Dear Stoma…..

You saved my life. Thank you. Thank you for doing your job and for making living possible without a colon. I wasn’t the person I am today until you came into my life. You brought me from the edge of death to a world full of hope and joy. As in all relationships, there are a few things that you could work on though.

Sometimes when we are in public, you start spouting out loud obscenities. I’d appreciate it if you’d stop that. I know I can’t control when you decide to speak, but I don’t think it’s very convincing to others when I chuckle and say my stomach is rumbling, I must be hungry. Trying to cover your mouth to stop you is like dealing with a five-year old child who refuses to quit. It’s really quite horrifying.

Also, please don’t fail me at my most vulnerable moments. If my supplies are about to let me down, if the seal hiding my secret is about to break free, let it happen at home. I thought I was done with those embarrassing and panic-filled moments of possible public humiliation when you came into my life. My prior relationship was full of them and I thought those times were long gone. I know you are not like the last one. The one I let go because of the havoc that toxic relationship caused in my life. You are a gift to me. Let’s keep the blips private.  It’s better for both of us.

Okay. I know this is a weird request, but here goes. I prefer if you don’t need a change of “clothes” for six days. It saves on “laundry time” and money, because your “clothing” isn’t cheap. Not to mention the antics you sometimes pull during changes. Going for DISTANCE, doesn’t make you cool. It makes you annoying. Just keep it mellow and act like an adult. Keep your  moutn shut for five minutes. it’s really not that much to ask. I’ll always love you, but sometimes you really get on my nerves.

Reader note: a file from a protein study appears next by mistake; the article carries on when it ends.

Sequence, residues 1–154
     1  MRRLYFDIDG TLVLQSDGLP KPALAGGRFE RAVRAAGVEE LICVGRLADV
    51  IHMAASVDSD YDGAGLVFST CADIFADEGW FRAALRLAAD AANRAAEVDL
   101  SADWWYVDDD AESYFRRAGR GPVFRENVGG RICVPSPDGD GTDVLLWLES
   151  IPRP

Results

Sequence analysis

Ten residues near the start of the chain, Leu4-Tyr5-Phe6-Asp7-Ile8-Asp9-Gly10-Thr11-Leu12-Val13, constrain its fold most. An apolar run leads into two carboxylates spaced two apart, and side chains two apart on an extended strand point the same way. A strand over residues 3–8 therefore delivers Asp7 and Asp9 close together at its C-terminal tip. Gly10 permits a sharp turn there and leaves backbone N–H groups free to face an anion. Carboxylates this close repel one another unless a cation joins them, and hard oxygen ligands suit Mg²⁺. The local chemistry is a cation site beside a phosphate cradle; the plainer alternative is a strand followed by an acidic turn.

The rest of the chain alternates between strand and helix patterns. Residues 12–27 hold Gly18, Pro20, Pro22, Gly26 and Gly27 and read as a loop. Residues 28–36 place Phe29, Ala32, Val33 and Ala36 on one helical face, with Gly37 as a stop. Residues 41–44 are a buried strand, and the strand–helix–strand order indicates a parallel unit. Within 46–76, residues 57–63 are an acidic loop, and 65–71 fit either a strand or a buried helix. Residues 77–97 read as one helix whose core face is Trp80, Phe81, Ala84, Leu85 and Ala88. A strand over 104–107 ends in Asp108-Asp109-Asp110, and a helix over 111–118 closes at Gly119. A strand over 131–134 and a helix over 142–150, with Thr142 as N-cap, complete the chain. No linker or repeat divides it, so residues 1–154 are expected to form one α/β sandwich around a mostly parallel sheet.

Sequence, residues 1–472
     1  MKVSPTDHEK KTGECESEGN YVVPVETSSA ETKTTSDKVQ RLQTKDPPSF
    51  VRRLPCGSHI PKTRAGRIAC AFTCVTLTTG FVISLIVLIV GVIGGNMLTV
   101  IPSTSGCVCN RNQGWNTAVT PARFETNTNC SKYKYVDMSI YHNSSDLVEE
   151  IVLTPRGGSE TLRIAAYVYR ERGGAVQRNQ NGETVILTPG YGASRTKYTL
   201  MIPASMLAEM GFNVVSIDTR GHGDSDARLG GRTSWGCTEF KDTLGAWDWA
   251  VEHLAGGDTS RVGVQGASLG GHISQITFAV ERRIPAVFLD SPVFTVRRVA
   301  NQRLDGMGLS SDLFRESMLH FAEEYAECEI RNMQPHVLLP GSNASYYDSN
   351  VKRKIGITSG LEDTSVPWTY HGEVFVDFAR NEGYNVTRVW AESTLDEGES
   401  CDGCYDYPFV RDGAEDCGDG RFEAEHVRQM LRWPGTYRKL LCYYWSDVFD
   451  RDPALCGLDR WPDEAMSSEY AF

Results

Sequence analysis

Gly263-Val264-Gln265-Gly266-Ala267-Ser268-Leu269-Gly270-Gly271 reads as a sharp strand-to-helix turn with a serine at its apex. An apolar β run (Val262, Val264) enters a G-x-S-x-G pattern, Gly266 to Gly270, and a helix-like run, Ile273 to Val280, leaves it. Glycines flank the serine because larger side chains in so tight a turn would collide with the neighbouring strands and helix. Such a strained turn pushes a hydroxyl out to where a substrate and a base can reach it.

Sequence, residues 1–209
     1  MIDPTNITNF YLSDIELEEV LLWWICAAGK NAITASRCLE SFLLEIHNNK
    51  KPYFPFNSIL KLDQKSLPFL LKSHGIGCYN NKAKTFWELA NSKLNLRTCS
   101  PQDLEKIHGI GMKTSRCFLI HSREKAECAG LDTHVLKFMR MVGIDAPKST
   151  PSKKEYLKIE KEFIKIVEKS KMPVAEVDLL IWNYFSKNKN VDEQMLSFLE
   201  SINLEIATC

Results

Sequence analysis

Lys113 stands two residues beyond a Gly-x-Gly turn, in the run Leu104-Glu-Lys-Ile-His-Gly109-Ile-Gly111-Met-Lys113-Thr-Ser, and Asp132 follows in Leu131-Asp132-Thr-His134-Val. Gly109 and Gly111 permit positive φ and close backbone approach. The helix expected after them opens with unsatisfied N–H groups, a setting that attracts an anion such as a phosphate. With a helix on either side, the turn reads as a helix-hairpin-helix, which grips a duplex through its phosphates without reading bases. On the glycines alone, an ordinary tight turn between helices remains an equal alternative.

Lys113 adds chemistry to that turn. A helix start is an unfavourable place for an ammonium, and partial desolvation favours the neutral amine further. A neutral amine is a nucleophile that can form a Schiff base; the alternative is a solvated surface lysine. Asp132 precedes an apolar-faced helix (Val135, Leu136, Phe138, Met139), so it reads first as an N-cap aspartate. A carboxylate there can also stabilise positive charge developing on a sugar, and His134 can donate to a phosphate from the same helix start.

That being said, you keep me on my toes.  You always smell like the last thing I ate. Sometimes this is good, and sometimes this is bad. On the bad days, you can drive the most tolerant of people out of a room. In a hurry. This creates the problem of trying to exit the room without being seen and identified as the offender. Occasionally, you smell like nothing I have ever eaten.  More than once  you have smelled like a Christmas tree, and I wonder where you’ve been without me. You can make the biggest, and most unique bubbles I have ever seen, and I am always in awe, but who do I  tell that to?!

Despite your flaws, I love you. You have changed my life for the better, and I will never forget that. I will always be grateful for what you have given me.   For the second chance you have provided, for the freedom you have allowed me, and for the joy I have felt since you came into my life.

Yours Forever,

Livy

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Guilty Pleasure

I am a rule follower. I have not taken, sniffed, snorted, or smoked any illegal or dangerous substances. Ever. I have never even smoked a cigarette. I DID hold a lit cigarette once, but I didn’t inhale. I didn’t even hold it to my lips. I do drink alcoholic beverages, but not everyday, nor to the point of being all out drunk. The few times I have, I have hated it. I don’t like feeling that loss of control.  I could never be an addict.  I do, however, have one guilty pleasure.  I LOVE getting anesthesia.

In the last few years I have had a few surgeries and procedures that required sedation. While this makes many, maybe even MOST people apprehensive, it makes me giddy. I love the feeling of the medication when it starts running through my  blood. The seconds before I am out like a light. When I go from all the medical personnel and commotion in the room to waking up in  recovery. It’s like Christmas morning for a kid, and then the disappointment that it is over.

I have known about this strange attraction of mine for many years, but have not needed to have any procedures requiring it again until recently. I hope I don’t have any more soon because I’d rather have unquestionable health, but if I do there will be no fear from me.  Bring it on, but only if it’s legal. I am a rule follower, but with a very strange guilty pleasure.

What I learned from my Crohn’s Disease

As I have said before, I have Crohn’s Disease. It has been in remission for 12 years, but from a year after my diagnosis in 1998 to August 2002, it was like a wildfire reeking havoc on my body.